Familial Nonchr..

Genetically transmitted disorder characterized by the development of highly vascularized tumors derived from neuroectodermal cells, preferentially localized in the carotid body (80% of cases) and in the glomus jugulare (20% of cases).

Carotid Body Tumors; Chemodectomas; Glomus Jugulare Tumors; Hereditary Paraganglioma.

Familial paragangliomas, or glomus tumors, are slow growing, highly vascular, generally benign neoplasms, usually of the head and neck, that arise from neural crest cells outside of the adrenal medulla. Tumors arising in chemoreceptor structures include carotid body tumors and glomus jugulare tumors.

Glomus tumors accounts for only 0.03% of all neoplasms and 0.6% of head and neck tumors. They are sometimes familial, bilateral, and associated with other neoplasms. They can be malignant, although this is rare.

Inheritance is autosomal dominant. The paraganglioma gene PGL1 has been mapped to 11q22.3-q23. Germline missense mutations in the gene encoding succinate dehydrogenase subunit D (SDHD) gene have been identified. The disease is subject to age-dependent penetrance and imprinting.

Tumors may be bilateral or unilateral. The most common sites are the carotid body, the vagal body, and the jugulotympanic site. It is postulated that the tumor starts secondary to stimulus of hypercarbia or hypoxemia (the carotid bodies are the peripheral chemoreceptors that act as sensors for both hypoxia and hydrogen ion concentration). Others postulate that there is a connection between living at high altitude, emphysema, and carotid body tumors. There may be an association between paraganglioma and pheochromocytoma. The tumors have a tendency to reproduce the microscopic structure of the normal carotid body. These carotid body tumors are referred to as nonfunctional with regards to the nonchromaffin nature of the tumor, but chemoreceptor function is still present.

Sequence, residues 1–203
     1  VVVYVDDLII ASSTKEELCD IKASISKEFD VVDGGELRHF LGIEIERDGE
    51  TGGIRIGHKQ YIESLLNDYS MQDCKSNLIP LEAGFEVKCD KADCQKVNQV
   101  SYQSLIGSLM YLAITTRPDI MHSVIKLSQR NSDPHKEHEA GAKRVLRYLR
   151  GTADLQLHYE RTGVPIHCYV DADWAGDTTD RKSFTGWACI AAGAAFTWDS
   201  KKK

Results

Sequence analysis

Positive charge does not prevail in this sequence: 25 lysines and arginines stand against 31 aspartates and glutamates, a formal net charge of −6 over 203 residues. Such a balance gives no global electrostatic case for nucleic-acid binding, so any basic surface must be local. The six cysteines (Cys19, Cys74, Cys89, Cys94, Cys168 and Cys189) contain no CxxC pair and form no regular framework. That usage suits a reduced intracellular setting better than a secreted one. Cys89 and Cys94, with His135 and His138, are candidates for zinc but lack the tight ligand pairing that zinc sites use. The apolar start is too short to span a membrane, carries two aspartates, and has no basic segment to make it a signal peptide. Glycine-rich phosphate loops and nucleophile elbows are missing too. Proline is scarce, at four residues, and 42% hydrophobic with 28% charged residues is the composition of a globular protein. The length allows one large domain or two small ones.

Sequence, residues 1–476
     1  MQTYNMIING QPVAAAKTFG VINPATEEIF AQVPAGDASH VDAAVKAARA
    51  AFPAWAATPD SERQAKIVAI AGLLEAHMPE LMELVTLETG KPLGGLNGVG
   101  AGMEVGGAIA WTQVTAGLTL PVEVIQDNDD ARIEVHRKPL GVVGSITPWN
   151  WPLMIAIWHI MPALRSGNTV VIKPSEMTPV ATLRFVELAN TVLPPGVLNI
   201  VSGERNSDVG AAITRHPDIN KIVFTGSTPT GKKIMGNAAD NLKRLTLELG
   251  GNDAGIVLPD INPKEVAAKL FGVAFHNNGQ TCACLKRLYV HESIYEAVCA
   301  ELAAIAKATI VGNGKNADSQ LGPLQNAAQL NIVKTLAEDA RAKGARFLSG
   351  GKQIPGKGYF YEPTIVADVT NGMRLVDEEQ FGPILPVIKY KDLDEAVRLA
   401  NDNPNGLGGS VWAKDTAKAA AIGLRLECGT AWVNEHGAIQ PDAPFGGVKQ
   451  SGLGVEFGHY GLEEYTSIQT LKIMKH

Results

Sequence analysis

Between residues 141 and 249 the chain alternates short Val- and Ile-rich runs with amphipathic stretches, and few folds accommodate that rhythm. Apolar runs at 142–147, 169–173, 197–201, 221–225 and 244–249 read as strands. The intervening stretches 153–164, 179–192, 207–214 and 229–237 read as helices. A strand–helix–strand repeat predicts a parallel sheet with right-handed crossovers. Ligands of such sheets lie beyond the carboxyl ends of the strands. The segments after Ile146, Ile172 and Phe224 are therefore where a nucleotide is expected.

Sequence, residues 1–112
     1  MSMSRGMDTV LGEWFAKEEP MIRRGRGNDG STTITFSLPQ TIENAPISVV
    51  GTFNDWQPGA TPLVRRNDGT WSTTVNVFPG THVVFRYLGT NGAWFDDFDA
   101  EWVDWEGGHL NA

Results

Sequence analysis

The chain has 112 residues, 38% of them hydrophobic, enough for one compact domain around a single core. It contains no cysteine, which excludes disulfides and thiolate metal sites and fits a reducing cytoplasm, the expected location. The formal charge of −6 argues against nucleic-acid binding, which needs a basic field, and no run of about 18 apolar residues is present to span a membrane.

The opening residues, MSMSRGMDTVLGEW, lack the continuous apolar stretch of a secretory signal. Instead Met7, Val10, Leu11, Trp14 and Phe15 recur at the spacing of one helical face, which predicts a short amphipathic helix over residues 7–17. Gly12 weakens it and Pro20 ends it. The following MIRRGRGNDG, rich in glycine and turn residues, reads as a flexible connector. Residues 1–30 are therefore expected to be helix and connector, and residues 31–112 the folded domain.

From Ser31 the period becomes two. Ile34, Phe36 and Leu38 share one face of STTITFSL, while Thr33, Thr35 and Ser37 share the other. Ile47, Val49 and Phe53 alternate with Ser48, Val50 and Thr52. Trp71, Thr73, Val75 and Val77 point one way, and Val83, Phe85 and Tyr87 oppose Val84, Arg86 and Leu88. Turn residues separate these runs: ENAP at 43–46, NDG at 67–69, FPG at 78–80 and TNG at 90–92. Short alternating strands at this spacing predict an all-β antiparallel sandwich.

Most patients present for evaluation of an anterior neck mass discovered on clinical examination or self-examination or detected during duplex scanning for carotid artery disease. In patients with tympanic chemodectomas, the condition may be suspected because of tinnitus aurium and a transtympanic reddish image by otoscopy. Arteriography remains the gold standard for diagnosis. Doppler color flow imaging, dynamic angioscintigraphy, CT, and MRI contribute additional information about tumor extension.

Age at onset of symptoms was significantly different between fathers and children (affected children have earlier age of onset). Clinical manifestations depend on tumor location and are often related to the middle ear (pulsatile tinnitus, conductive hearing loss, aural fullness, discharge or bleeding, and a bluish mass behind the tympanic membrane are characteristic). Cranial nerve dysfunction (facial paralysis, dysphonia, marked hearing loss, pain). The most common complaint was swelling in the anterolateral region of the neck. Familial carotid body tumors tend to be multiple. All paragangliomas are capable of catecholamine production. Of the paragangliomas of the head and neck, 1 to 4% can secrete sufficient amounts of catecholamines to mimic a pheochromocytoma. Patients with glomus tumors have a higher incidence of developing a pheochromocytoma, especially those with familial glomus tumor disease. Many authors believe ...

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